Yes, in an interview with the BBC, Jim “Mr Bric” O’Neill coined his latest acronym to describe the next economic powerhouses – Mexico, Indonesia, Nigeria and Turkey.
All four are emerging, or perhaps frontier, markets that have been on investors’ radars for some time (and indeed covered in Portfolio Adviser). But is there really a case for singling these counties out in particular over, say, other eastern European markets or the Mena (Middle East and North Africa) territories?
In their favour, the Mints all have favourable demographics and, Turkey aside, they are big commodity producers. It is hard to disagree with O’Neill that in the right circumstances they have great promise for economic growth, in the long term at least.
The problem is that while the quartet may have much in common in terms of growth potential, it doesn’t necessarily mean that politically or culturally they will all harness this in the same way.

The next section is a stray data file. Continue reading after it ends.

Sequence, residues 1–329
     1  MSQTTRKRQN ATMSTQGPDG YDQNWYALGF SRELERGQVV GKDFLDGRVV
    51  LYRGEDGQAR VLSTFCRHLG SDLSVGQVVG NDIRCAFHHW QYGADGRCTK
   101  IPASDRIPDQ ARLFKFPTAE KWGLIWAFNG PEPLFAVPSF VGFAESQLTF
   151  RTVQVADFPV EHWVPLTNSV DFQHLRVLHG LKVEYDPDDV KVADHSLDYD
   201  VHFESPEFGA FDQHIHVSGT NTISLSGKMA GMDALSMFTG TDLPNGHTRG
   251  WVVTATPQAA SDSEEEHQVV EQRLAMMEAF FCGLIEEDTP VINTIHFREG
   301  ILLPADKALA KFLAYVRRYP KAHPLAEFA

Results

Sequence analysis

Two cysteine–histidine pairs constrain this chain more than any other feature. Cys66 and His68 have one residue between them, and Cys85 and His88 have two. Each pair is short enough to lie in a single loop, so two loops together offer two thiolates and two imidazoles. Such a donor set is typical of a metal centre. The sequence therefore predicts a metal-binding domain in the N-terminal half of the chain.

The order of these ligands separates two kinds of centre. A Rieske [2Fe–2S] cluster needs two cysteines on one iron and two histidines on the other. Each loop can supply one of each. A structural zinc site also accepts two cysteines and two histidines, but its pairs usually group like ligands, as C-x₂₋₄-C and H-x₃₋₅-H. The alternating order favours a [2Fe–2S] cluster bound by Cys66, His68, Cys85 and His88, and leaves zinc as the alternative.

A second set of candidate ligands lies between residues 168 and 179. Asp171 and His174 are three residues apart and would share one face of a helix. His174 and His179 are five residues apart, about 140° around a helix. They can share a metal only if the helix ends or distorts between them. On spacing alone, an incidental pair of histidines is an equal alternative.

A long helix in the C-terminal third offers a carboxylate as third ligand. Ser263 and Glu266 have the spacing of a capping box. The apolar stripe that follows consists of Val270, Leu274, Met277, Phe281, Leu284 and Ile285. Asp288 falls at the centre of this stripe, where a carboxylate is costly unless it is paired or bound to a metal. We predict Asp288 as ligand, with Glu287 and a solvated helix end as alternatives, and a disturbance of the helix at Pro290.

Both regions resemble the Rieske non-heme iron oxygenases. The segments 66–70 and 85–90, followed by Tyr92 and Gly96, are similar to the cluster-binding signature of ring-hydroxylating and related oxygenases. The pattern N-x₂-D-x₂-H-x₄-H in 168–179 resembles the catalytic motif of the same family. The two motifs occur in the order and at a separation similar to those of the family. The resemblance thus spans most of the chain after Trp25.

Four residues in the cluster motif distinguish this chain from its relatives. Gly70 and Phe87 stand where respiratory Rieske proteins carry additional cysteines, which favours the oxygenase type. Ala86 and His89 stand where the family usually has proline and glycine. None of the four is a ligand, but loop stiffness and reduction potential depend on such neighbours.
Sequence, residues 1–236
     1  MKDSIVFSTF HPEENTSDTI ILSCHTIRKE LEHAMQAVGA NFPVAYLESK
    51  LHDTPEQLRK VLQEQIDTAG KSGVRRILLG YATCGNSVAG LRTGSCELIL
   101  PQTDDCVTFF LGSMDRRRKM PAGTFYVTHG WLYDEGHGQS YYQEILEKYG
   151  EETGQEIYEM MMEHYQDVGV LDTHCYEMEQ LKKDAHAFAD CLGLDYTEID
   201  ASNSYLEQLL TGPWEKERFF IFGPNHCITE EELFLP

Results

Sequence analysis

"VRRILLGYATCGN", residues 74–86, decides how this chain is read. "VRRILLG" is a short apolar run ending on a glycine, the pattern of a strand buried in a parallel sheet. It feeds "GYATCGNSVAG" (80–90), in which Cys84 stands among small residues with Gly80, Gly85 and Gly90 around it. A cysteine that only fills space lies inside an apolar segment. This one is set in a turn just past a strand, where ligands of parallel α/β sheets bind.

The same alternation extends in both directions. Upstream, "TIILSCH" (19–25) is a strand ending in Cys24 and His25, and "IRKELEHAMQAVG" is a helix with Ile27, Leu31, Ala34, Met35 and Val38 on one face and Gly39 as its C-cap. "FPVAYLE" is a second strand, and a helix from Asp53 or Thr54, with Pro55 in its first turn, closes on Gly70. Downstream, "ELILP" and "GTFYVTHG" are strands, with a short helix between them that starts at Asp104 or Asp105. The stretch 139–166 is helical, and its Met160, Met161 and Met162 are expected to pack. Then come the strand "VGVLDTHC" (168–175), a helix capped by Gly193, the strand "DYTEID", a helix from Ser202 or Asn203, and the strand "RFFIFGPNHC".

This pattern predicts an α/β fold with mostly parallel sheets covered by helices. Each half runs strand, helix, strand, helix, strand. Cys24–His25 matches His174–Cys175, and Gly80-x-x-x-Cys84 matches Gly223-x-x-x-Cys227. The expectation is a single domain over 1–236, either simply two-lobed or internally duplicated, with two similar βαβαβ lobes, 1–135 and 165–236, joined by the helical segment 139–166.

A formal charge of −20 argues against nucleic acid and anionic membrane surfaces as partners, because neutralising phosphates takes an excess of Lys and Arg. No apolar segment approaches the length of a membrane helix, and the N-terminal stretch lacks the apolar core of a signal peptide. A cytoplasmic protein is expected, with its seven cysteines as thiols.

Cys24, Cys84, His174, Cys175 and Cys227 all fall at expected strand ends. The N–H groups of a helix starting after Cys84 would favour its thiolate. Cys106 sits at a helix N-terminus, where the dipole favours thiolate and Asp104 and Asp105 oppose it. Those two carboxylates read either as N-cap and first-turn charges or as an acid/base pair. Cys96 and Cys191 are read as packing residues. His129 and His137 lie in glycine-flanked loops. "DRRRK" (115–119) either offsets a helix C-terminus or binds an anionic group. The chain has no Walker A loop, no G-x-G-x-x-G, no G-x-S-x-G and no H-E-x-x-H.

Neither, from an investor’s point of view, does it necessarily make sense to group these countries together as one investment case. Identification of the Brics in 2001 may have earned O’Neill many plaudits and he was indeed right to single out today’s biggest investable emerging markets, but their individual stock markets have all travelled south in recent years.
A look at the performance of Allianz BRIC Stars fund versus the much wider global emerging markets universe (see chart) reveals much in this respect.
Even if they wanted to individually invest in the Mint countries, retail investors – for now at least – have few options beyond a handful of passive funds. Even then, they may be better off getting access to these economic successes via other countries, e.g. South Africa as a gateway to Nigeria, or the US for Mexico.
In recent months, I’ve heard convincing cases for Fiji, Argentina, Romania and Taiwan, but hey I’m not a celebrated economist… and I’m also not entirely sure my acronym works so well.
It’s 2014 and emerging market investors are desperate for some cheer, and a “fresh” new story, but for me Mint can be herded in with the Piigs, Civets and the ‘Next 11’ as nice ideas, but with little relevance for investors today.